“By Stephen Belber. Directed by Matthew Harrison. Presented by If You Can't Beat 'Em Productions in association with Chambar. At Squire John's Playhouse until November 13 . This evening offers the same one-act about rape performed twice in a row by different casts. Oh boy. In playwright Stephen Belber's Tape, three high-school friends reunite 10 years after graduation for an hour of dramatic purging of past sins and pain. A drug dealer named Vince engineers the meeting, which also involves his best pal, Jon, an emerging film director, and Amy, who works as an assistant district attorney. Before Amy arrives, the drunken, stoned Vince goads his earnest buddy into admitting that he raped Amy at the end of their senior year--and gets Jon's confession on tape. On some levels, Belber deals seriously with sexual violation, but it seems that his first priority is to entertain, to give his audience an emotional buzz by creating a high-stakes drama. In that sense, the play is sensationalist: rape becomes secondary and the script feels exploitative. The text's structural flaws reveal Belber's vulgar strategy: to keep the pressure cooker going, the playwright is willing to sacrifice a lot of things, including logic. When Jon arrives to find his old friend almost sociopathically belligerent, why doesn't he leave? When Vince hands the tape over to Jon, why does Jon give it back? Sure, you can find justifications for the plot unfolding as it does, but I think the real explanation is that Belber wants to keep escalating the tension. And the story wouldn't be nearly as intense if Vince, the dangerous loony, wasn't running the show. In the cast that plays Tape through the first time, Jeb Beach takes the role of Vince, and he delivers an inspired though annoying performance. Beach's Vince resembles a Quentin Tarantino character, all quirky, mercurial threat. He's snakelike, operating from some instinct one can't identify, and his dangerous spontaneity is impressive in its way. But who really wants to spend time with this guy? Vince is kind of cool, but he's also a cheap trick, the embodiment of the script's sensationalism. In the first cast's interpretation, he's loud, too. As part of the general theme of intensity, Beach hollers and Noah Casey, who plays Jon, bellows back in response. Whacks of text get lost in the noise. This approach works better than the second cast's take, though. Chad Cole, who plays Vince in round two, chooses a quieter route. He and Sage Brocklebank (Jon) deliver their lines more clearly. At first, it's a welcome relief and subtler meanings emerge, but without the artificially heightened drama the central character can provide, jokes start to fall flat and dramatic turns feel minor. As off-putting as the first cast's approach can be, I think it's more in line with the nature of the script. I suspect that's how you have to play it to make it work, which is why I don't much like the play. To give Belber and his interpreters here their due, strengths exist in both the material and this exploration of it. Belber manages two surprising plot reversals with Amy, and ultimately she takes control, which is thematically smart. I like both Amys. The first cast's Nicole McLennan is more inward: her catharsis is almost an implosion. Cast two's Jennifer Halley weeps more overtly dramatic tears of rage. But both actors exude quiet strength. Similarly, I appreciate both the bewildered pomposity of Casey's Jon and the more transparent innocence of Brocklebank's. It might be interesting to see how the script would look if the actor playing Vince landed somewhere between Beach's outrageous portrait and Cole's quieter interpretation. But I'm not ready to see Tape a third time; I don't think the text warrants that kind of scrutiny.“—Theatre | Tape | Straight.com Vancouver, http://www.straight.com/article/tape, accessed August 25, 2007.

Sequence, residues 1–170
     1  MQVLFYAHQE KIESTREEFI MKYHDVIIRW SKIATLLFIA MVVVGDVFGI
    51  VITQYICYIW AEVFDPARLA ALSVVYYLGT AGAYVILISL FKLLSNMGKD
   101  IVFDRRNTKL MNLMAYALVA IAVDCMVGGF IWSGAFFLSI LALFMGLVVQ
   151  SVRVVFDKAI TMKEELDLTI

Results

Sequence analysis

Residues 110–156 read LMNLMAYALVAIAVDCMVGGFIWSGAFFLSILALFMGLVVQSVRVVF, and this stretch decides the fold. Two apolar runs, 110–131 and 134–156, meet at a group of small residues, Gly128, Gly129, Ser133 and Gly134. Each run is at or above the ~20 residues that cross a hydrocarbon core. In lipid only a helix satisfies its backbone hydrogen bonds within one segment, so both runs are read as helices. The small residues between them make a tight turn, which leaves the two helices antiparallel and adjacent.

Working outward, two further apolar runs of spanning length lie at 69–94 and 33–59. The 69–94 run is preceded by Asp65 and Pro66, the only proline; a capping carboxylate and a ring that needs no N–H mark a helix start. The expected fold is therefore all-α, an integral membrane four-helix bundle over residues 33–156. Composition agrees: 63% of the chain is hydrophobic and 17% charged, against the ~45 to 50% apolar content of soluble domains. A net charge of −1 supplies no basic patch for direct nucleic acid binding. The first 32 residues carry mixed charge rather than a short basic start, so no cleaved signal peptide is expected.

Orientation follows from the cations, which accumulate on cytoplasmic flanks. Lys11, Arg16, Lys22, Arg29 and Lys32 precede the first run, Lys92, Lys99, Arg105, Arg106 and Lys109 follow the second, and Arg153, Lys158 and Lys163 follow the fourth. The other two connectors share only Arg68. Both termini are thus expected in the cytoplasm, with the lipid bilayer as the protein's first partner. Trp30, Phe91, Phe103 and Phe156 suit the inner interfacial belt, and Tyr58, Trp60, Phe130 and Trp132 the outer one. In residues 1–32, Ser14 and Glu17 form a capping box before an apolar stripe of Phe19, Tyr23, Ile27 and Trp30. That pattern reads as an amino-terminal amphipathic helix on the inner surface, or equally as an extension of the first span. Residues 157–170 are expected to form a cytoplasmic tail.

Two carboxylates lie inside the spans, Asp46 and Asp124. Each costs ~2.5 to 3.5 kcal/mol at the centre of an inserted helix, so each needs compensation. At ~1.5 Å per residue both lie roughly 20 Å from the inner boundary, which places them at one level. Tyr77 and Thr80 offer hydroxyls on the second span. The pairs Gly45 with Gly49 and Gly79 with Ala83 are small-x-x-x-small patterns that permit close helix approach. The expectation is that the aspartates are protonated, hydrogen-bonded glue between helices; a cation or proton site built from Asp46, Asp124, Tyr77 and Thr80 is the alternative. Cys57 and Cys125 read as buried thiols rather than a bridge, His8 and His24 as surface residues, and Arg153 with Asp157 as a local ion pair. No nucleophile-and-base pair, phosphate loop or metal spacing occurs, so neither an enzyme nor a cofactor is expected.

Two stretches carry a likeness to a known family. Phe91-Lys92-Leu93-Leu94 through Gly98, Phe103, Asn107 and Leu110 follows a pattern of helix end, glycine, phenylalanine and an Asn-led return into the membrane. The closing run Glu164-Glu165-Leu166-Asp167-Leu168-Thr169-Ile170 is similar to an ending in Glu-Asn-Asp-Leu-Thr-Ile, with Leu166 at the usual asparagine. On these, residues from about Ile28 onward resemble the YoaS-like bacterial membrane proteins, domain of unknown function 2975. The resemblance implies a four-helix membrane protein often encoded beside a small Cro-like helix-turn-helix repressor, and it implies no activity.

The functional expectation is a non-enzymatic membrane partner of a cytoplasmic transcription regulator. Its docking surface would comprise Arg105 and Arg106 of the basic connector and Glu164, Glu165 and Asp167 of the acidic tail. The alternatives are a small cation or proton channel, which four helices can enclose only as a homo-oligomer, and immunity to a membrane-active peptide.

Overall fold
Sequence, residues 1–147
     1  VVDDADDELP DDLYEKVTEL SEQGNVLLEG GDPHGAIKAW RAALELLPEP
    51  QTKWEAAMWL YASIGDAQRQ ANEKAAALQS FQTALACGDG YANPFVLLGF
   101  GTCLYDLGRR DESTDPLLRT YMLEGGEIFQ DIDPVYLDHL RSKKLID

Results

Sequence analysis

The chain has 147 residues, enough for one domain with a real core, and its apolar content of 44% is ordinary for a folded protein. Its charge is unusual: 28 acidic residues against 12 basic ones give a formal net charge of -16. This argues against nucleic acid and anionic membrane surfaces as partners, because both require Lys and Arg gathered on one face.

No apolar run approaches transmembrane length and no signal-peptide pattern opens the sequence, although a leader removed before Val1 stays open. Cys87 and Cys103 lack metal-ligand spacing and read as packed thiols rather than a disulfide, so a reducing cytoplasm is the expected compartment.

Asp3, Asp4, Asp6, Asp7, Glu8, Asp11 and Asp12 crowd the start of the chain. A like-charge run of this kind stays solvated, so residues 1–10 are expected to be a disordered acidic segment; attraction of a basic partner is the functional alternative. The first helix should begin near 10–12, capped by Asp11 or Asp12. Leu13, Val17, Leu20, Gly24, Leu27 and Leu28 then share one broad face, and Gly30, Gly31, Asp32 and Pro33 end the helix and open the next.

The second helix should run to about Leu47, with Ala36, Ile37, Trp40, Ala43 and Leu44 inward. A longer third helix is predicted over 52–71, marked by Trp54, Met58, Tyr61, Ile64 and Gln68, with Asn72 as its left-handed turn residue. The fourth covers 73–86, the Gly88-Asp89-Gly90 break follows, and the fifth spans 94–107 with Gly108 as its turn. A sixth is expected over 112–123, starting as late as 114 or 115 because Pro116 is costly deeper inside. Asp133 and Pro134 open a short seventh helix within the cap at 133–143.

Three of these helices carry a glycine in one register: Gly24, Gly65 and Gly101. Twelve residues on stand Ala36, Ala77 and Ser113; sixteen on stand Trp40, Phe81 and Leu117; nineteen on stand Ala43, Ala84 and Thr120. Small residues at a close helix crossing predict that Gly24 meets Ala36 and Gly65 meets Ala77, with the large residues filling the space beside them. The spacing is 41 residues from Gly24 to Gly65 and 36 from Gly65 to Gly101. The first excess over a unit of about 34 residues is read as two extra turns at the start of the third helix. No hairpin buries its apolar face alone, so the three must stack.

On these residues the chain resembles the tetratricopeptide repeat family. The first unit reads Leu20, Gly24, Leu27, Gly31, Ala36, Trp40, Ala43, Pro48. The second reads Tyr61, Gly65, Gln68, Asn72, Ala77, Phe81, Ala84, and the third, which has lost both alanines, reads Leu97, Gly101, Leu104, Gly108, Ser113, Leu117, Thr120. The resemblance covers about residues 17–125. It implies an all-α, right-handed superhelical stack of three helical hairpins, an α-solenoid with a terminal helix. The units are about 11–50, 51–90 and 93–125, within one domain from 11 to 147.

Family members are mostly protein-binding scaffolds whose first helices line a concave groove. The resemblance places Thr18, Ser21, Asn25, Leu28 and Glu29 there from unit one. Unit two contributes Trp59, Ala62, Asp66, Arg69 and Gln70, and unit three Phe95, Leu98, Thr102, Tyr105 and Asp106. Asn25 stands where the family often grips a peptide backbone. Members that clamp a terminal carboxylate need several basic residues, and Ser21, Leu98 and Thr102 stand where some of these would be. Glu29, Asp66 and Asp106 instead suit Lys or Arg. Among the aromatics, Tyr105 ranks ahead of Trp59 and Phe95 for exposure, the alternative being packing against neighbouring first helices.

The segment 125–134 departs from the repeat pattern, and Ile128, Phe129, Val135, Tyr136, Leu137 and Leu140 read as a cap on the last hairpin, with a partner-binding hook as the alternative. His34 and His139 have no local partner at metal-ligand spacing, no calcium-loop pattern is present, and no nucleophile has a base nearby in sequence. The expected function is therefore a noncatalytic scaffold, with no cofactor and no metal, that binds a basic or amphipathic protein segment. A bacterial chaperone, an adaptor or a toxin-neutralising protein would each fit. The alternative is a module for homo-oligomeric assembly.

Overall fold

Comment on full-length version